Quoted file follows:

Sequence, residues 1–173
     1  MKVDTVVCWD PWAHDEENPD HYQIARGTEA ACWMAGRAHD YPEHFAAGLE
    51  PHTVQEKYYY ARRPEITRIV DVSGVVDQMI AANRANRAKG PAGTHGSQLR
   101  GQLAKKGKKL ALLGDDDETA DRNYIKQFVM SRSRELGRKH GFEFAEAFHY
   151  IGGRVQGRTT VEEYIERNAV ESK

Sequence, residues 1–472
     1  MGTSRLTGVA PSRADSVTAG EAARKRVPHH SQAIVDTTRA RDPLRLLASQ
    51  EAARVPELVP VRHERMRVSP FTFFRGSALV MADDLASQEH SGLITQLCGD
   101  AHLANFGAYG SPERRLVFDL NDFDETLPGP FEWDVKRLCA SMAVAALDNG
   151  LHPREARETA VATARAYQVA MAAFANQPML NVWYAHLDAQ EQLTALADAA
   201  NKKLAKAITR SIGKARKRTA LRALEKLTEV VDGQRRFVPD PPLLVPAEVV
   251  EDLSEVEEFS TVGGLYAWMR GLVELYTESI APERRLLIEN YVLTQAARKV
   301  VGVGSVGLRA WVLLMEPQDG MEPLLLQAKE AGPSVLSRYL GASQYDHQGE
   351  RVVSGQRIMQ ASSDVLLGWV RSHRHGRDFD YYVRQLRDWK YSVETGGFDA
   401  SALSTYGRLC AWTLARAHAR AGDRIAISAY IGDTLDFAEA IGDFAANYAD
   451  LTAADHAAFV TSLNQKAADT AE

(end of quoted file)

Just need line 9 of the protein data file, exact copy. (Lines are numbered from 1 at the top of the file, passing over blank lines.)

   101  AHLANFGAYG SPERRLVFDL NDFDETLPGP FEWDVKRLCA SMAVAALDNG